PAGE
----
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May, Pulling the Trigger on Britain

UK economy weaker in 2016 than previously estimated
 
The British economy picked up its pace of growth in the final three months of 2016, official figures show, but over the whole year, it was weaker than previously estimated and there were signs that the UK referendum to leave the European Union will increasingly act as a brake on growth in 2017.
 
Wed Feb 22, 2017 4:1PM
HomeUKEconomy
 
Gross domestic product rose by 0.7 percent in the fourth quarter, faster than the preliminary reading of 0.6 percent, according to figures released Wednesday from the Office for National Statistics (ONS).
 
However, the pound fell after the report, which no longer showed the UK was the fastest-growing major advanced economy last year.
 
Business investment fell last year and slowing household spending growth raised questions about the outlook for 2017.
 
The ONS also revised its estimate for economic growth in 2016 to 1.8 percent from 2.0 percent, due to businesses stockpiling fewer goods and weaker exports in the first quarter of 2016.
 
“The UK economy needs another driver if it is not to have a significant slowdown in 2017,” said Angus Armstrong, director of macroeconomics at the National Institute of Economic and Social Research. “The pattern of strong consumer spending and weaker business investment can only be a limited one.”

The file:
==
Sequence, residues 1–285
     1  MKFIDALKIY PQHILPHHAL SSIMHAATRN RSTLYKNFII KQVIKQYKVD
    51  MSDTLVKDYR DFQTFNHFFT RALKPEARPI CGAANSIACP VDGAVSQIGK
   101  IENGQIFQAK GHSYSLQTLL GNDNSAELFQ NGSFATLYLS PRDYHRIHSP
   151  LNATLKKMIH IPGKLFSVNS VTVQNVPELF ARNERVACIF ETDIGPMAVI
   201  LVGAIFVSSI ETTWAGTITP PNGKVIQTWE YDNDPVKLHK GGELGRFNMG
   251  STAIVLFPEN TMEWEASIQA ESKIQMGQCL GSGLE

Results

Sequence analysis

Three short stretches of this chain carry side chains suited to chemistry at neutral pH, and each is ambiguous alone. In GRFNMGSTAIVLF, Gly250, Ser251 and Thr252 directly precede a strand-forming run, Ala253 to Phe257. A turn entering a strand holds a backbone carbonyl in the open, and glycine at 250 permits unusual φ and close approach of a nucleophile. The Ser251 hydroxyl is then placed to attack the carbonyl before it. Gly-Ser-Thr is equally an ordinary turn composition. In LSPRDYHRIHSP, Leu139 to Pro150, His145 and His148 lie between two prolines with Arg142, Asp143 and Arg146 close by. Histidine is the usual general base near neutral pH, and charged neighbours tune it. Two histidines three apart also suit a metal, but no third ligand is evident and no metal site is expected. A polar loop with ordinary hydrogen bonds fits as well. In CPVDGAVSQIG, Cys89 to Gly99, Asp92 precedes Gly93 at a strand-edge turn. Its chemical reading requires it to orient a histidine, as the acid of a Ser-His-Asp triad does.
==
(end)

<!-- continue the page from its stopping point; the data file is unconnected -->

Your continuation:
Business investment fell 1.0 percent in the fourth quarter compared with the July-September period. Firms are expected to decrease their investment plans as Britain negotiates its departure from the EU.
 
British Prime Minister Theresa May is due to trigger the Brexit process in the coming weeks.
 
There is broad consensus among economists that Brexit will have a prolonged effect of the British economy and will ultimately diminish output, jobs and wealth to some degree.
 
“We’d expect the sort of deal the UK is going for to result in some degree of trade destruction. And if we’re talking about reducing the level of migration, that’s likely to result in growth prospects being weaker,” said Andrew Goodwin, an economist at Oxford Economics.

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